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Global Volume Distribution for Subaerial Volcanism on Earth

Figure 4
Global distribution of eruption volumes for VEI 0 – 8 eruptions. a) Distributions obtained by maintaining separation between eruptions belonging to different VEI classes. The red and orange symbols on one side, and the blue and green symbols on the other side, refer to data with only consistent, or including inconsistent (respectively) volume attribution in the LaMEVE database. The orange symbols belong to the red distribution, with different color used to evidence the volume range over which eruptions with VEI 4 and 5 overlap with eruptions with VEI 0 – 3. The green symbols have the same meaning, with reference to the blue distribution. The slopes of the two overlapping branches are significantly lower than for the eruptions with larger volumes. b) Same as for panel a), after reconstruction of the global distributions (see paper). For both the red and blue data sets, after an initial close-to-log-normal portion the distribution displays a unique slope which satisfactorily approximates a (tapered) power law distribution (p-values reported in the figure). Red data points in panel b (including the orange ones in panel (a)) refer to 336 eruption cases (151 for VEI 0 – 3 from the LV database, the rest from the LaMEVE database: 80 for VEI 4; 36 for VEI 5; 24 for VEI 6; 31 for VEI 7; 14 for VEI 8). Blue data points in panel b (including the green ones in panel (a)) refer to 373 eruption cases (151 for VEI 0 – 3, 89 for VEI 4; 40 for VEI 5; 26 for VEI 6; 40 for VEI 7; 27 for VEI 8).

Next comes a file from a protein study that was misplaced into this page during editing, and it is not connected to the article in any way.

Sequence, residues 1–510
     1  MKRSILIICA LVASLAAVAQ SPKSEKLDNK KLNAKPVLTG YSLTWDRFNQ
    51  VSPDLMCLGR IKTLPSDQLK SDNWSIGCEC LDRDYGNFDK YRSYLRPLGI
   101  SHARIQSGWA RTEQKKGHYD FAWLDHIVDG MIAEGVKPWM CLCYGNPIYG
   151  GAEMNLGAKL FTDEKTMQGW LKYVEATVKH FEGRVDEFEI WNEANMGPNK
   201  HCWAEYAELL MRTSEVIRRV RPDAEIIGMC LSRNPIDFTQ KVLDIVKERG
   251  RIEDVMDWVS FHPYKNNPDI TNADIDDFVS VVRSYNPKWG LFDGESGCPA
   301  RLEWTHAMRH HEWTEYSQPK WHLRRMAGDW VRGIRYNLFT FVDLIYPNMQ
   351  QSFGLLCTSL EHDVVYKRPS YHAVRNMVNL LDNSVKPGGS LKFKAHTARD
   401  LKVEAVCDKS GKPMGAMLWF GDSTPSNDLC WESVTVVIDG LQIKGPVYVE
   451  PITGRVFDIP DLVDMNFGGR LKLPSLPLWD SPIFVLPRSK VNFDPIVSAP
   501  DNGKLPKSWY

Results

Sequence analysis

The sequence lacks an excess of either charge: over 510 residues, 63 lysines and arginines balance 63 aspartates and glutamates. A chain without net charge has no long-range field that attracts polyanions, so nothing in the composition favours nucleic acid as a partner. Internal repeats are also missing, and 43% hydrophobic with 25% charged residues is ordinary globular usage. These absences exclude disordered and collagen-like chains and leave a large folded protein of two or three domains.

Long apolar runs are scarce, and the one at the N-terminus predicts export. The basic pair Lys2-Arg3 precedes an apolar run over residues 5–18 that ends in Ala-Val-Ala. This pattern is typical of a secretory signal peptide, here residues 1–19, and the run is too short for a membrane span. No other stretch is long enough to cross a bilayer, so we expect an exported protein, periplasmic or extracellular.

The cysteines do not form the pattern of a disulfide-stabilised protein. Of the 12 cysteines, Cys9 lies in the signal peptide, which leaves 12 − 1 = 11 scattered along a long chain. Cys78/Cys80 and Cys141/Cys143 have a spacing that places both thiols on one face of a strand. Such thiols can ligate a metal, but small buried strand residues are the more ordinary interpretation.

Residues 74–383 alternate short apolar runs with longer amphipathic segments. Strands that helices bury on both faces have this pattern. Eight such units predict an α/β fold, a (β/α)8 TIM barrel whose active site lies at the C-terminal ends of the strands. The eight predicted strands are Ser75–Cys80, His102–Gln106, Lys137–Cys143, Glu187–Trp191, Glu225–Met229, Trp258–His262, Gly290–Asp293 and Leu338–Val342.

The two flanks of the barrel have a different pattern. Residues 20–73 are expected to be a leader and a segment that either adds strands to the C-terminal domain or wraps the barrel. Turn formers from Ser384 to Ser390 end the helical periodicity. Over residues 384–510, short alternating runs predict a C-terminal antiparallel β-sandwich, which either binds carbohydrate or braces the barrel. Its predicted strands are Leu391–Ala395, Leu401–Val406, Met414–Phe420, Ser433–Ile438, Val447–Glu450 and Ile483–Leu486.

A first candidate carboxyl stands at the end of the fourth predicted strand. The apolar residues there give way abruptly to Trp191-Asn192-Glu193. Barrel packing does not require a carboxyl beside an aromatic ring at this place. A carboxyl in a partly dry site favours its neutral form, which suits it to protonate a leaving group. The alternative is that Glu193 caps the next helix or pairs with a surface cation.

Papale P., W. Marzocchi, D. Garg (2021).
Journal of Geophysical Research – Solid Earth,

Plain Language Summary

The occurrence of volcanic eruptions over the Earth follows apparently complex patterns: while the vast majority of the eruptions are relatively small in size, here and there less frequent large eruptions appear, and even less frequently, cataclysmic eruptions take place menacing vast regions up to the global Earth. Summed up with relatively quick deterioration of the information from the geologic record, especially for small to medium size eruptions, such apparently irregular trends have largely limited our understanding and forecasting capabilities. New databases of volcanic eruptions, and new statistical analyses, allow us to determine the size distribution of volcanic eruptions worldwide, from the smallest lava flows to the largest explosive eruptions known to have occurred on Earth. We find that above a relatively small eruption volume threshold all eruptions distribute according to what is called a power law, which is also known to describe other natural phenomena such as earthquakes, wild fires, and many others. The mechanisms subtending the generation of a power law distribution for the global continental volcanism are not immediately clear. However, as for several other similarly distributed phenomena, a relevant implication may be the impossibility to predict the size of an impending eruption, with severe consequences for volcanic risk emergency management.